The above size and weight comparisons are to some extent incomplete since they do not consider the interchangeable lenses that both of these cameras require. In this particular case, both cameras feature the same lens mount, so that they can use the same lenses. You can compare the optics available in the Four Thirds Lens Catalog.

The following table provides a synthesis of the main physical specifications of the two cameras and other similar ones. If you would like to visualize and compare a different camera combination, you can navigate to the CAM-parator app and make your selection from a broad list of cameras there.

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Body Specifications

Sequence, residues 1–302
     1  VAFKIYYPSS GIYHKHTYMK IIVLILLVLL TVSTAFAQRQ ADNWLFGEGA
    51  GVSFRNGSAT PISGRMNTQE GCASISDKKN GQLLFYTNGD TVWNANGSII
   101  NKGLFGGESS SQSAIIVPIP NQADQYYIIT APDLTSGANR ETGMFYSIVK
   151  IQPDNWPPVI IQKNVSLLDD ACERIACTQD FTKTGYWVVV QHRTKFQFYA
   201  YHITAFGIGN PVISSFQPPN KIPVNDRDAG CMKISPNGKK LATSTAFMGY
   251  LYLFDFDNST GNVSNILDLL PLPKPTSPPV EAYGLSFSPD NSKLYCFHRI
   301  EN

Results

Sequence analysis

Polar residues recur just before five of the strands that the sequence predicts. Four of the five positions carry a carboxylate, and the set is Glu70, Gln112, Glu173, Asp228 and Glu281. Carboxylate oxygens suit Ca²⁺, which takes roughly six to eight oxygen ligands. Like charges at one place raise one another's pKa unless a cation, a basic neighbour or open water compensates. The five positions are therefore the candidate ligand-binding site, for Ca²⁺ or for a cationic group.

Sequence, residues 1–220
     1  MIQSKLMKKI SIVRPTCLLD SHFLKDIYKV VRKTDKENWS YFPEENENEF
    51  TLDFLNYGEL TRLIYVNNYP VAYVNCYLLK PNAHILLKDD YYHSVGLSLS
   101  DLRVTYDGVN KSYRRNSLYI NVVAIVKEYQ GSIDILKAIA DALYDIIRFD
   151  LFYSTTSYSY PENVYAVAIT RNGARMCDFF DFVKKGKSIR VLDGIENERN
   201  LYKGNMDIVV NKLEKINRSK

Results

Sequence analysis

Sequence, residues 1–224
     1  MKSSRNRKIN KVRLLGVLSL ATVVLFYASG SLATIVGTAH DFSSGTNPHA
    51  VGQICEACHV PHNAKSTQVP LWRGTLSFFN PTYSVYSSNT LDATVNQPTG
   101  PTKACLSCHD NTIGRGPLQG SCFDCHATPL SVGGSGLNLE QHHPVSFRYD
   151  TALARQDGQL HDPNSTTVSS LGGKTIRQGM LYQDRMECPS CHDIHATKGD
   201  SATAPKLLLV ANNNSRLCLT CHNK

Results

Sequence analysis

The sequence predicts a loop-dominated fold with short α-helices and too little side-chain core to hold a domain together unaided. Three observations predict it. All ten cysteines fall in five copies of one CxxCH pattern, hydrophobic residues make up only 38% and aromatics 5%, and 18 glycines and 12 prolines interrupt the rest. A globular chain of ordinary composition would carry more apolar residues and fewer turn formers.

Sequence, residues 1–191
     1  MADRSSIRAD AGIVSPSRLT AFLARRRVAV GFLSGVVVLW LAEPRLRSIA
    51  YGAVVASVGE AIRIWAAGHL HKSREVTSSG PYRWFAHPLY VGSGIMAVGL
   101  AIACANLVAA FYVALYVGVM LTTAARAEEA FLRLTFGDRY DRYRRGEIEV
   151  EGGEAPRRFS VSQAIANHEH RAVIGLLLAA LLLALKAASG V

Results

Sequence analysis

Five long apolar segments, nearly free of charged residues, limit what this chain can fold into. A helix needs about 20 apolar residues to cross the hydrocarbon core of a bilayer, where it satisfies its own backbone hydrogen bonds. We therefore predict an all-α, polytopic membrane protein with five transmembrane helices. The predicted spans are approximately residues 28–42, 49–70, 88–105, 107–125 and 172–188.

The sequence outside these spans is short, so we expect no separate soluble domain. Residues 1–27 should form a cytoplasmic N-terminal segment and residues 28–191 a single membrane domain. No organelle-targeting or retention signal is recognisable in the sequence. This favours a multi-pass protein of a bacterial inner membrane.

Camera
Model
Camera
Width
Camera
Height
Camera
Depth
Camera
Weight
Battery
Life
Weather
Sealing
Camera
Launch
Launch
Price (USD)
Street
Price
1.
 
Olympus E-400 130 mm 91 mm 53 mm 435 g 500 n Sep 2006 699i
2.
 
Olympus E-420 130 mm 91 mm 53 mm 440 g 500 n Mar 2008 599i
3.
 
Nikon D40X 124 mm 94 mm 64 mm 522 g 520 n Mar 2007 729i
4.
 
Olympus E-P3 122 mm 69 mm 34 mm 369 g 330 n Jun 2011 799i
5.
 
Olympus E-PL2 114 mm 72 mm 42 mm 362 g 280 n Jan 2011 599i
6.
 
Olympus E-450 130 mm 91 mm 53 mm 440 g 500 n Mar 2009 499i
7.
 
Olympus E-620 130 mm 94 mm 60 mm 521 g 500 n Feb 2009 699i
8.
 
Olympus E-520 136 mm 92 mm 68 mm 535 g 750 n May 2008 699i
9.
 
Olympus E-410 130 mm 91 mm 53 mm 435 g 500 n Mar 2007 699i
10.
 
Olympus E-510 136 mm 92 mm 68 mm 538 g 750 n Mar 2007 799i
11.
 
Olympus E-500 130 mm 95 mm 66 mm 479 g 750 n Sep 2005 599i
12.
 
Panasonic L10 135 mm 96 mm 78 mm 556 g 450 n Aug 2007 599i
Notes: Measurements and pricing do not include easily detachable parts, such as add-on or interchangeable lenses or optional viewfinders.